What if we've been looking at addiction all wrong? Best-selling author Johann Hari says, "The opposite of drug addiction is not sobriety. It's connection." What does he mean? Consider his points of reference from his animated video Chasing The Scream: The First and Last Days of the War on Drugs, which claims the war on drugs is where we've failed. Instead of being determined to eliminate drugs and punish users, what we should be doing is learning to understand what is pushing addicts to use. "We can address the desire for drugs by understanding that our surroundings play a huge part in driving us to abuse mind-altering substances," he tells Huffington Post.
It's a theory that goes back to the '70s, when psychologist Bruce Alexander experimented with rats in something called "Rat Park," Hari's first example. The test let happy rats in a joyful environment choose between regular water and water laced with heroin. The rats continually chose the regular water, never becoming addicted to the laced water and none of them overdosing on the drugged water.
It's an experiment that he then turns to real life with vets from the Vietnam War. While in Vietnam, 20 percent of soldiers used heroin, as they were trapped in a miserable environment. When they returned home, the vast majority stopped using, not even attending any sort of rehab. Once they returned to an environment where they felt connected, they no longer needed to alter their mental state.
The moral, as Hari points out, is that isolating those who suffer from addiction with jail time isn't helping the cause. He argues that instead the best environment for an addict is one that allows them to thrive with social interaction and, most importantly, support. Each of these, he says, will put them on the road to recovery and help them overcome the desire to return to drugs.
At a time when so many are in danger, 8,260 people in the U.S. died from an overdose between 2012 and 2013 - taking this into consideration is critical.
Isolation isn't a cure. Making a human connection is. Reaching out to those who struggle, rather than punishing them, is the road to recovery.
You Know Nothing About Addiction
"What if addiction isn't about chemical hooks? What if addiction is about your cage, your environment?"
It's a question that makes you stop and think.
Recently, we featured an animated video from British journalist Johann Hari, who declared we're treating addiction all wrong. His video declares that addiction is based on environment. It's a topic that's causing people to stop and think. Hari recently headed to TED to talk about his viewpoint, a viewpoint he's experienced first-hand. There, he posed the questions asked above. After spending three years researching the war on drugs and thinking about the way we treat addicts, he penned the book Chasing the Scream. And then he hit the stage to talk about his personal experiences with understanding addiction, both in his family and what he's learned along the way.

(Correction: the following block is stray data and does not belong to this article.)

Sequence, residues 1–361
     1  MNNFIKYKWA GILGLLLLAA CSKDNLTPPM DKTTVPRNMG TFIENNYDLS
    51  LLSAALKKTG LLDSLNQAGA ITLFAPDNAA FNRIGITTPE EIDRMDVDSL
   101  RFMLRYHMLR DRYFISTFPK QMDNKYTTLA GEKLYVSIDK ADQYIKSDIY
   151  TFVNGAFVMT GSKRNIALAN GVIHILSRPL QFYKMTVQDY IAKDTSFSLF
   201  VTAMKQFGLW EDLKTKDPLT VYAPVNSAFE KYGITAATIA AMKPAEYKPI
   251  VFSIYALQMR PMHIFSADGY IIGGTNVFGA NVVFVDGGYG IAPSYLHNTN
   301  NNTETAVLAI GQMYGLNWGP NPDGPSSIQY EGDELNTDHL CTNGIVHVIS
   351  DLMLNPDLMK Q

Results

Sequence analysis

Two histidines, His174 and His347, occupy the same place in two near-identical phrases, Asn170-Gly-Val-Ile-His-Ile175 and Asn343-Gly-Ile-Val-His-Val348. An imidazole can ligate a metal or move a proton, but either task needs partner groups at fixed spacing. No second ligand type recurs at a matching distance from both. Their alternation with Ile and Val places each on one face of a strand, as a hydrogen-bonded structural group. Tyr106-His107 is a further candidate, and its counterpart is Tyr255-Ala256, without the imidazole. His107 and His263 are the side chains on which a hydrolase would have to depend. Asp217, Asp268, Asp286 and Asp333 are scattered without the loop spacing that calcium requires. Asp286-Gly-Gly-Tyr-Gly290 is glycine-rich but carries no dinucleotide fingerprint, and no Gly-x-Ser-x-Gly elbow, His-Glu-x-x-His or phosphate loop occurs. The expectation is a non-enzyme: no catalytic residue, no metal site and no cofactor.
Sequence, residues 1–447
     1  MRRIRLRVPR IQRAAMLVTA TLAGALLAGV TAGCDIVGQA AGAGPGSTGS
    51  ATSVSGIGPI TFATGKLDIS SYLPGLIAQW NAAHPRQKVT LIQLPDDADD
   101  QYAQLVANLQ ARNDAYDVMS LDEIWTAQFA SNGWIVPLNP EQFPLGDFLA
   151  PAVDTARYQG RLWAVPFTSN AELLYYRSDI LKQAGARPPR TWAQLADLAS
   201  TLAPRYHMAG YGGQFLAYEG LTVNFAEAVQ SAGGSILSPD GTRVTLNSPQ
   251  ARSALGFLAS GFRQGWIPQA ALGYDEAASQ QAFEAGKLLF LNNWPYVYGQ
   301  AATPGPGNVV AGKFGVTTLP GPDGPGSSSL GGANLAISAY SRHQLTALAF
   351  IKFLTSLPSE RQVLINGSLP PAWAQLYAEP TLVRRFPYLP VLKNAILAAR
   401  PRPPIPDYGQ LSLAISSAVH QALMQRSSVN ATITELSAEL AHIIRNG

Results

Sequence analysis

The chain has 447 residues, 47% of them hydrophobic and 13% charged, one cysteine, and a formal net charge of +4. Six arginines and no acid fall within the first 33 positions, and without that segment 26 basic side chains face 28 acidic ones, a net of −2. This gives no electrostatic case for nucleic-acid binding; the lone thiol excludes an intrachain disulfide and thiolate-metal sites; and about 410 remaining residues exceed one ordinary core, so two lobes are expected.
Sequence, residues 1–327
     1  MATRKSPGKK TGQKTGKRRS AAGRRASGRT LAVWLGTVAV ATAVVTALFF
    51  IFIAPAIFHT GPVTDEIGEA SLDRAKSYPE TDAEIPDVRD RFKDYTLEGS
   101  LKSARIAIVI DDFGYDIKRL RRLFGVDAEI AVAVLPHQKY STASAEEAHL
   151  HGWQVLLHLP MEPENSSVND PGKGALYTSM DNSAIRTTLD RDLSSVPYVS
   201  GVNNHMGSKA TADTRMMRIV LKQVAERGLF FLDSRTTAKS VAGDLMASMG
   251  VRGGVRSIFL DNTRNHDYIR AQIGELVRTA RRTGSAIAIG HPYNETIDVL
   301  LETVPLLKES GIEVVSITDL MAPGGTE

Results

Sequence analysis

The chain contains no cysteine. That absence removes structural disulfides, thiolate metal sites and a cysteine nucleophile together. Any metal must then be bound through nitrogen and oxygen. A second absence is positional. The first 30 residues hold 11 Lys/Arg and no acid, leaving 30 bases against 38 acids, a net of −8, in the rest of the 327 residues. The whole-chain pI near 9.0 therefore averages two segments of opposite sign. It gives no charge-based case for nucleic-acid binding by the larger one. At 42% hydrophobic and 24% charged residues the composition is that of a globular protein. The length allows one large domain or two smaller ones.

After years of research he came to this conclusion: "Almost everything we think we know about addiction is wrong. And if we start to absorb new evidence I think we are going to have to change a lot more than our drug policies."
"Maybe we shouldn't even call it addiction. Maybe we should call it bonding," he states, referencing Professor Peter Cohen of the Netherlands. "Humans have a natural and innate need to bond. When we are happy and healthy we bond and connect with each other. But if you can't do that because you are traumatized or isolated or beaten down, you will bond with something that will give you relief." That could be heroin. That could be alcohol. That could be cocaine. That could be so many of the things we as a society are addicted to today. "You will bond and connect with something because that's our nature."
Maybe, as Hari points out, that bond is built because you not able to bear being present in your life. He goes on to say that once you are labeled an addict, it's a scarlet letter you are forced to wear. There is the punishment of jail, the shame of having the label "addict," and the curse of a criminal record. Each of these keeps the addict trapped in that place, never truly allowing them to escape. And once the stigma is there, how do you escape it? It was a question the country of Portugal decided to look into. And its findings may shock you.
Portugal had one of the worst drug addiction problems in the world. They tried to clean up the problem the "American way" and it didn't work. So they let scientists and doctors lead a panel to examine the problem at hand. That panel came back and said decriminalize all drugs - from cannabis to crack - across the board. The panel then said take all the money earmarked for disconnecting these addicts (via jail, etc.) and spend it instead on reconnecting them with society. The money went to creating jobs and microloans for these so-called addicts. And as Hari found out through his research, it worked. These jobs and loans gave the "addicts" a reason to get up in the morning. In fact, it's been 15 years since the experiment began and injection drug use is down 50 percent.
Punishment and suffering are not a deterrent for those who struggle with addiction. In fact, they may even push an addict closer to drugs. What will deter addicts is giving them purpose.
Treatment, rehabilitation, understanding, goals - these are the tools that can help people facing addiction.
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